Management at Addleshaw Goddard has settled arbitration proceedings against former head of real estate Mark Haywood, two years after he quit for Nabarro.
While the details of the case against former partner Haywood were made public after managing partner John Joyce circulated the information in a board report in October next year, the case has since been settled. The dispute was valued at £5m, which Nabarro had agreed to cover the costs of.
Nabarro recruited Haywood for the launch of its Manchester office alongside partners Nathan Jansen and Monica Brij in 2014.
Addleshaws had instructed XXIV Old Buildings’ Alan Steinfield QC, while Haywood was represented by Lewis Silkin and Serle Court’s John Machell QC. The usual grounds for suing partners for damages include loss of future revenue or loss of a key client.
Since Haywood’s departure, Addleshaws has tightened the rules around partner exits. The firm’s original partnership deed had a ‘bottleneck provision’, which meant no more than seven equity partners could leave without board consent in one financial year. However, earlier this year the firm changed the provision to extend it to fixed-share, or ‘category A’ partners. Other changes include the introduction of ‘bad leaver’ provisions and restrictive covenants relating to fee-earners.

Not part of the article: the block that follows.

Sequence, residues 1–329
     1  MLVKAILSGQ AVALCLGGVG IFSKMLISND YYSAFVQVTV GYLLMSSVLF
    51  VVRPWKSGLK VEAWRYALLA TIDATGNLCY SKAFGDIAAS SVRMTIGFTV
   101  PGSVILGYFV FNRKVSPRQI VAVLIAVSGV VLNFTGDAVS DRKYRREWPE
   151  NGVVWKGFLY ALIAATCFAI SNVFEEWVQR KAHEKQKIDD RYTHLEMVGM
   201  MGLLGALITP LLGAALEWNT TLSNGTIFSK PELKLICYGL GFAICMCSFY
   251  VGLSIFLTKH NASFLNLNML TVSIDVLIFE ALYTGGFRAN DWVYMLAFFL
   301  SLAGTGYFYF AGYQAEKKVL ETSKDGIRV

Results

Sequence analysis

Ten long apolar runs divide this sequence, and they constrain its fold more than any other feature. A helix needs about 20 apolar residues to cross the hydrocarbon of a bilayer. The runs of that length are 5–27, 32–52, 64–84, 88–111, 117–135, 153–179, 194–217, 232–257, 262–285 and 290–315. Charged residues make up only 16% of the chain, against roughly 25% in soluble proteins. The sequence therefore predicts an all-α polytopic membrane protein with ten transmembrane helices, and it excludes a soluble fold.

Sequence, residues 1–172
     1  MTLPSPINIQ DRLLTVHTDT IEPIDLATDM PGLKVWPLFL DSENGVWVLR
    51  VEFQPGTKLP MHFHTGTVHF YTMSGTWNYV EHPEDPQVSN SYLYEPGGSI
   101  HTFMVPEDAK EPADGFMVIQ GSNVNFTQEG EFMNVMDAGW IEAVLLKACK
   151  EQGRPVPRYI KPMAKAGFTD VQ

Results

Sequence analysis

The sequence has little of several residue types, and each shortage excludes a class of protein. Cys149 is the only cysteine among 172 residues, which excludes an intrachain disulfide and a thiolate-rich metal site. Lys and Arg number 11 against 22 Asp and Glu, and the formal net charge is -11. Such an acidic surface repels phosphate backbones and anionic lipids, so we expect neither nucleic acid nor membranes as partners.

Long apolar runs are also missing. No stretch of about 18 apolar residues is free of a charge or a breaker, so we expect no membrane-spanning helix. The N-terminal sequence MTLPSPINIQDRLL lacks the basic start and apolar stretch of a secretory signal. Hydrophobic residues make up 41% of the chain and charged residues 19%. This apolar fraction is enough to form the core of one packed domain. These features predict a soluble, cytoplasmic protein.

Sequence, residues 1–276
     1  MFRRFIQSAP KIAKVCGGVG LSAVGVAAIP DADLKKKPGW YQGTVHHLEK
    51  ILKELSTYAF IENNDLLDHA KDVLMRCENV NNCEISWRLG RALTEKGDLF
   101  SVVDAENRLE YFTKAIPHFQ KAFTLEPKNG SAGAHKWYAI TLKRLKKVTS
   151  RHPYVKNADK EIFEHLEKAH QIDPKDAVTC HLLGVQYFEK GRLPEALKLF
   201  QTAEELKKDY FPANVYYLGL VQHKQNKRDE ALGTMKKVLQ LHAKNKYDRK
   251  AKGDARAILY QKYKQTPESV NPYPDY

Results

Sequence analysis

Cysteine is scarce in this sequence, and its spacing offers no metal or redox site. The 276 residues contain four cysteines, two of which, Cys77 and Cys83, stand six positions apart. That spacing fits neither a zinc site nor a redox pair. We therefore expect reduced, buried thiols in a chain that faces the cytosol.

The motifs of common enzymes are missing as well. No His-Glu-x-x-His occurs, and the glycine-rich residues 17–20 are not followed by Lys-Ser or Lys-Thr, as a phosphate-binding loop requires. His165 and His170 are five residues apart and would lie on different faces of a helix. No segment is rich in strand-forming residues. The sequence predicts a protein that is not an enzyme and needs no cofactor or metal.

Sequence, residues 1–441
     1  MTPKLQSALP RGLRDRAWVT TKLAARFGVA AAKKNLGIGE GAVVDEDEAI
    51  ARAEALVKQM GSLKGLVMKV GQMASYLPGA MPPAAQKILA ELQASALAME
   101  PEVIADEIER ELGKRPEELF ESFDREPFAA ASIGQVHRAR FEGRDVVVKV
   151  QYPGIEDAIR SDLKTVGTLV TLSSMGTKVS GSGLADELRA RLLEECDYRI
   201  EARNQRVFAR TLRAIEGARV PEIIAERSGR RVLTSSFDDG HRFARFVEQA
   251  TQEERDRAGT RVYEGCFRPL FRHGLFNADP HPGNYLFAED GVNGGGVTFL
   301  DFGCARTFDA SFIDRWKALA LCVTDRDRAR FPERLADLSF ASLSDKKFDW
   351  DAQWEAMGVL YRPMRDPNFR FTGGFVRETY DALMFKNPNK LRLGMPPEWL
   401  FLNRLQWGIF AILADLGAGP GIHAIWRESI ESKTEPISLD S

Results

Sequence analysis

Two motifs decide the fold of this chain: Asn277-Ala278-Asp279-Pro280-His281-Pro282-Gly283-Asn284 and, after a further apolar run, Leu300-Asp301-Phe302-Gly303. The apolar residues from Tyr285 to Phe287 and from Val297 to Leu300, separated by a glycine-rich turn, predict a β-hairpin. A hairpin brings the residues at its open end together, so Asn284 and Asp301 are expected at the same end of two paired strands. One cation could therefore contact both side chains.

Addleshaws has since bolstered its real estate practice significantly by taking advantage of partner exits at King & Wood Mallesons (KWM) European practice.
At the end of 2016 the firm hired former managing partner William Boss, as well as property partner Simon Tager and commercial real estate partner Michael Scott. It also hired commercial real estate managing associate Luke Harvey who joins as a partner. The combined fee earning potential of that group is almost £5m.
This month the firm also hired KWM construction specialist Julia Court, who had also been a partner at legacy SJ Berwin.
Addleshaws and Nabarro declined to comment.